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Meeting with President of Lebanon Michel Sleiman

January 23, 2013, Novo-Ogaryovo, Moscow Region

Vladimir Putin and President of Lebanon Michel Sleiman discussed opportunities for developing bilateral cooperation and exchanged views on issues currently on the international agenda.

In particular, the two presidents discussed the situation in Syria. Mr Putin expressed support for Mr Sleiman’s proposal to hold an international conference in Moscow on Syrian refugee problem.

The two leaders also discussed steps to strengthen bilateral cooperation in trade and the economy, and in the military technical and humanitarian sectors.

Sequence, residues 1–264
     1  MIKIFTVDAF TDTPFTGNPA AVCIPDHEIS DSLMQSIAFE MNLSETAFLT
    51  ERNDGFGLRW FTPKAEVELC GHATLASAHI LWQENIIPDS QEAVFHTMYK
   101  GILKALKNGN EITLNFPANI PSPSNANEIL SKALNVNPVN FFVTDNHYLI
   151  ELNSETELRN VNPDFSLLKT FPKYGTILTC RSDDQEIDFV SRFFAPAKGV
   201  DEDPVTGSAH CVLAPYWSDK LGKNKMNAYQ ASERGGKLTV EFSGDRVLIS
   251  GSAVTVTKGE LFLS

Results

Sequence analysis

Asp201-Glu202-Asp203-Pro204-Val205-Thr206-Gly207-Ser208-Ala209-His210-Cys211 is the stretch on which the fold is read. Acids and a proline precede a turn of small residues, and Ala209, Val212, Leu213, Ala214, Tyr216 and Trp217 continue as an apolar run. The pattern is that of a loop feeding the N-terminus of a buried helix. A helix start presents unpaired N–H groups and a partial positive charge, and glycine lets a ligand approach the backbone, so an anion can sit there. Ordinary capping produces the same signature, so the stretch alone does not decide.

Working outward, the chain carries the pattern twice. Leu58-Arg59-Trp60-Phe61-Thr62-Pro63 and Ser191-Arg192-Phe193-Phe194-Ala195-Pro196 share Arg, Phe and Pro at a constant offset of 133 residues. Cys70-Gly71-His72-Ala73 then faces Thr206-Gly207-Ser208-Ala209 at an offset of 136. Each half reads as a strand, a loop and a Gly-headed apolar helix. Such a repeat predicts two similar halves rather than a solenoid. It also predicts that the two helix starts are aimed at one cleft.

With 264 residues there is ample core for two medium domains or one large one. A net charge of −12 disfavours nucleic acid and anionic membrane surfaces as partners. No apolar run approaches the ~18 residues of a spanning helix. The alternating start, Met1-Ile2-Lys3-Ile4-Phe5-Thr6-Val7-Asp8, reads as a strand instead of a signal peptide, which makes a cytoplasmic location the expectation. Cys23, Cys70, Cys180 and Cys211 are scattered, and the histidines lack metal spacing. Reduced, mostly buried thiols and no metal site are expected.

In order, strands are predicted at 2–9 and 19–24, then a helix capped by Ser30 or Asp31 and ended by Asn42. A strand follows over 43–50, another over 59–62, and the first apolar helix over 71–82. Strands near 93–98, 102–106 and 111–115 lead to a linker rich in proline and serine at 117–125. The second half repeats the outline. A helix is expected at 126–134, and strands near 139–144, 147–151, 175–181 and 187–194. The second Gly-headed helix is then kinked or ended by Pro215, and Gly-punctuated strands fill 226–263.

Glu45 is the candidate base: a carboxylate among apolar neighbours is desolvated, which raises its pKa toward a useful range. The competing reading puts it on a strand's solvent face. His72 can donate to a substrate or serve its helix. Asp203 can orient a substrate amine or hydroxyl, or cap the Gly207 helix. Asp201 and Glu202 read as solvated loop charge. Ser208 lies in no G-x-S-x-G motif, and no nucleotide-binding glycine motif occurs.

Mr Sleiman is in Russia on a private visit after the International Foundation for the Unity of Orthodox Peoples awarded him the prize for the services in the promotion and strengthening of Christian values in the modern world. 

* * *

President of Russia Vladimir Putin: Mr President, colleagues, it is a great pleasure to see you and to welcome you to Moscow.

Mr President, I know you have come to our country on a private visit. I want to congratulate you on being awarded this prize by the Foundation for the Unity of Orthodox Peoples. I know that you intend to donate the money part of the prize to children. This is a very noble gesture and I would like to say thank you.